Research Article: Host Cell Entry of Respiratory Syncytial Virus Involves Macropinocytosis Followed by Proteolytic Activation of the F Protein

Date Published: April 11, 2013

Publisher: Public Library of Science

Author(s): Magdalena Anna Krzyzaniak, Michael Thomas Zumstein, Juan Atilio Gerez, Paola Picotti, Ari Helenius, Andrew Pekosz.


Respiratory Syncytial Virus (RSV) is a highly pathogenic member of the Paramyxoviridae that causes severe respiratory tract infections. Reports in the literature have indicated that to infect cells the incoming viruses either fuse their envelope directly with the plasma membrane or exploit clathrin-mediated endocytosis. To study the entry process in human tissue culture cells (HeLa, A549), we used fluorescence microscopy and developed quantitative, FACS-based assays to follow virus binding to cells, endocytosis, intracellular trafficking, membrane fusion, and infection. A variety of perturbants were employed to characterize the cellular processes involved. We found that immediately after binding to cells RSV activated a signaling cascade involving the EGF receptor, Cdc42, PAK1, and downstream effectors. This led to a series of dramatic actin rearrangements; the cells rounded up, plasma membrane blebs were formed, and there was a significant increase in fluid uptake. If these effects were inhibited using compounds targeting Na+/H+ exchangers, myosin II, PAK1, and other factors, no infection was observed. The RSV was rapidly and efficiently internalized by an actin-dependent process that had all hallmarks of macropinocytosis. Rather than fusing with the plasma membrane, the viruses thus entered Rab5-positive, fluid-filled macropinosomes, and fused with the membranes of these on the average 50 min after internalization. Rab5 was required for infection. To find an explanation for the endocytosis requirement, which is unusual among paramyxoviruses, we analyzed the fusion protein, F, and could show that, although already cleaved by a furin family protease once, it underwent a second, critical proteolytic cleavage after internalization. This cleavage by a furin-like protease removed a small peptide from the F1 subunits, and made the virus infectious.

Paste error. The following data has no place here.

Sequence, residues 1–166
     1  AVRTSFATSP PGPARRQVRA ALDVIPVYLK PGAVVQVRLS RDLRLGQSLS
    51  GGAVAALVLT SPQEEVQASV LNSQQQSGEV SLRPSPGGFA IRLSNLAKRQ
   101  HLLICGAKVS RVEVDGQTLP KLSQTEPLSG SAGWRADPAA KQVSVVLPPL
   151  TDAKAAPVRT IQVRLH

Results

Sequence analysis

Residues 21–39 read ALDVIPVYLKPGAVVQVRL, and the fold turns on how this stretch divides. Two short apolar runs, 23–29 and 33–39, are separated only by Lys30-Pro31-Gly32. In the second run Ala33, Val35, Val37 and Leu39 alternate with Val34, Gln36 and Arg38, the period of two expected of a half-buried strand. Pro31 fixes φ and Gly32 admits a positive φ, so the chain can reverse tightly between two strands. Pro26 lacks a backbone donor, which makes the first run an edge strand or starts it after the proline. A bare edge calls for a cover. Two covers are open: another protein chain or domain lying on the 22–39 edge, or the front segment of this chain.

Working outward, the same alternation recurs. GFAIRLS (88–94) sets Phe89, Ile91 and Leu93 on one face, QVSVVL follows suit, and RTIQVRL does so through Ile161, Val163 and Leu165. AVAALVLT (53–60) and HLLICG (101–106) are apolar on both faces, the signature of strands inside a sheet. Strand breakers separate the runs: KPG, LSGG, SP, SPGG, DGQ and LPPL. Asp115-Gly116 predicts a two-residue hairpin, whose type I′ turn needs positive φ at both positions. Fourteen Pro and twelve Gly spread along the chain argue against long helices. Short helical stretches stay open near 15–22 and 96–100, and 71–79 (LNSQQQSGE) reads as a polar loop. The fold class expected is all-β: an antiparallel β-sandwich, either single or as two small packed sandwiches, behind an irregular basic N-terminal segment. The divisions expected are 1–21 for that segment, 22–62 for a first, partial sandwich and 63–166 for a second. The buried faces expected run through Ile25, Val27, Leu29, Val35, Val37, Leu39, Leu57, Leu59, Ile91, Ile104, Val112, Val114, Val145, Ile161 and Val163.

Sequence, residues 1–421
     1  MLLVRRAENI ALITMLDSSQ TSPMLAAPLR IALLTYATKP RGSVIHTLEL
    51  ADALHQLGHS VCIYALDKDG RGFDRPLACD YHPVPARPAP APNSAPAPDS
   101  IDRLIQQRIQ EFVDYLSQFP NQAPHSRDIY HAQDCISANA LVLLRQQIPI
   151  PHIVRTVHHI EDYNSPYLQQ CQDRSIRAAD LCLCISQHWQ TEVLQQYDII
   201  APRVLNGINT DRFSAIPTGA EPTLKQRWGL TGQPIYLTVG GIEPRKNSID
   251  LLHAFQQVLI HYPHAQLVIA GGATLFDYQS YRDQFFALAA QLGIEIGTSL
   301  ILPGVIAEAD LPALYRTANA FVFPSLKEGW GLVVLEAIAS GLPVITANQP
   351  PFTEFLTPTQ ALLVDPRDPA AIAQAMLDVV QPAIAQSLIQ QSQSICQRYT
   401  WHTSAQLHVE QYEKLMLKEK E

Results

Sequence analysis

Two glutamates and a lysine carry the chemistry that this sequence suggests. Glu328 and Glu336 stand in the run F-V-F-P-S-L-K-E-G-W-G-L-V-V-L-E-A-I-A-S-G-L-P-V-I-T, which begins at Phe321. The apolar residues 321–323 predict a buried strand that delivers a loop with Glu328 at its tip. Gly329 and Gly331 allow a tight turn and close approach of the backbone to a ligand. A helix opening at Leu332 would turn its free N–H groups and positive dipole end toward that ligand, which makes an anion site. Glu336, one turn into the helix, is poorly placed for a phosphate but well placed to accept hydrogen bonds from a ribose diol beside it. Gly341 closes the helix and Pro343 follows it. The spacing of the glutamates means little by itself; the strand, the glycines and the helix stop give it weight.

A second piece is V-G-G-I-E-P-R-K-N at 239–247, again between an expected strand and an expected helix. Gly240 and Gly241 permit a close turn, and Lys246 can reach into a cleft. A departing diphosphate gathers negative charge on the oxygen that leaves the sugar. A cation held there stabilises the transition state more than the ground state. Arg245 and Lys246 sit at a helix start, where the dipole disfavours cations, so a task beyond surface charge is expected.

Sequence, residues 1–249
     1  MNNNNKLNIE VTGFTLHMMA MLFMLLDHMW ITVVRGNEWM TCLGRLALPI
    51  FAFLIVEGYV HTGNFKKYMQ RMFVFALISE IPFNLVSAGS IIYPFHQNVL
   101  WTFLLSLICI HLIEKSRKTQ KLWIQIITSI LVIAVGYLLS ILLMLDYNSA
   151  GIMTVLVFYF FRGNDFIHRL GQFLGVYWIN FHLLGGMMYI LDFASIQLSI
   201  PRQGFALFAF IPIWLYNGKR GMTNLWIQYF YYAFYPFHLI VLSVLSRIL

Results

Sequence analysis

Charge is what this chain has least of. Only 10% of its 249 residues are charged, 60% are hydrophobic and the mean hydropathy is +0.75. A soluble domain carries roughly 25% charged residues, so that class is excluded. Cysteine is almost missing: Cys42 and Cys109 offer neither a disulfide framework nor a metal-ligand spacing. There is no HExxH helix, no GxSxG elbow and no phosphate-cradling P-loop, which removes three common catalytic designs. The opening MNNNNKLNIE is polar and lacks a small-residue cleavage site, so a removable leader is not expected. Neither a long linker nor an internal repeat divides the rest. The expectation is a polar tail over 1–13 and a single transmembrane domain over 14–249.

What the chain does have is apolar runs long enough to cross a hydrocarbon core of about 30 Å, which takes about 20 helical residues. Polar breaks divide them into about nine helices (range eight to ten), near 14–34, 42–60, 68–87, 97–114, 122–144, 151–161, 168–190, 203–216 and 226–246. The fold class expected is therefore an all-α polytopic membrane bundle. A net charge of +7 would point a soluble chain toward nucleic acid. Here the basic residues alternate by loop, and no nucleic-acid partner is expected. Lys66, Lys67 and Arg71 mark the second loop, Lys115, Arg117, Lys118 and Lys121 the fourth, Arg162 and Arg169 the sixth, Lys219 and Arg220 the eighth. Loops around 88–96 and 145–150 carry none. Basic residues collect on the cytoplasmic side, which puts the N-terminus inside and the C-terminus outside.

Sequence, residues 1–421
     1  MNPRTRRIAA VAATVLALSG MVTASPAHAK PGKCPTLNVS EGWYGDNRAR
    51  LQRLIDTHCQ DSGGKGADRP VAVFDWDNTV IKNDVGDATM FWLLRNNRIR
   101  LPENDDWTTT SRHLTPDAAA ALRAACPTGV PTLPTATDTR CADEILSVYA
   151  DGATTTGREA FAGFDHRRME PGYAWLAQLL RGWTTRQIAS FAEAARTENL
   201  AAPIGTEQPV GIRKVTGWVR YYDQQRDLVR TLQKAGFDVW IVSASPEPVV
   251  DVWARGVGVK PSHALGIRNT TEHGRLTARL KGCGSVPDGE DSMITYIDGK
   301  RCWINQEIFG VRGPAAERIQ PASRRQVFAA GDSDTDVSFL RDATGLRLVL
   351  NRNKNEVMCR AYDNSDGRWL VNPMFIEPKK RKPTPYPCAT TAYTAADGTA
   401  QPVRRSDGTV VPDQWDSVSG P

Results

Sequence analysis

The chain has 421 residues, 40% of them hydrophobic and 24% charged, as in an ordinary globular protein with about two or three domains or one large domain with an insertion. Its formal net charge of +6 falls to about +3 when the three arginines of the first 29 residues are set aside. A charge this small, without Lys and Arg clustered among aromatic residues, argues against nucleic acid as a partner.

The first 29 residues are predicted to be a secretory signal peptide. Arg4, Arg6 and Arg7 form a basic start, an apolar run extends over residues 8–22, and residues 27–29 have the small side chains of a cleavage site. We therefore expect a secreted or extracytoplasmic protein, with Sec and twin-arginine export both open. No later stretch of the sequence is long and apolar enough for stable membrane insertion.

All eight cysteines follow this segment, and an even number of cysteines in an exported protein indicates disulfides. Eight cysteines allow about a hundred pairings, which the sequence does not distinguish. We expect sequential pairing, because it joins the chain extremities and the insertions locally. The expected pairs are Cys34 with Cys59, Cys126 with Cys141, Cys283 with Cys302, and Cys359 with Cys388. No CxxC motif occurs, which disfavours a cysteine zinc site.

Partial Text

Human respiratory syncytial virus (RSV) belongs to the Paramyxoviridae, a family of enveloped viruses with a negative-stranded RNA genome. It is a ubiquitous human pathogen that causes severe respiratory tract infections affecting mainly children and the elderly worldwide. Despite ongoing efforts, there are no available vaccines or treatments except passive immunoprophylaxis [1]. A better understanding of virus/host cell interactions is critical for the development of new therapeutic strategies.

Paramyxoviruses are generally thought to infect cells by fusing directly with the PM [32], [33]. That paramyxovirus particles can also be endocytosed is, however, also clear. This has most recently been documented for Sendai, Nipah, RSV, Newcastle Disease viruses and for a lentivirus vector pseudotyped with measles virus glycoproteins [9], [34], [35], [36], [37], [38]. Which of the two pathways – fusion at PM or fusion after endocytosis – leads to infection is not clear.




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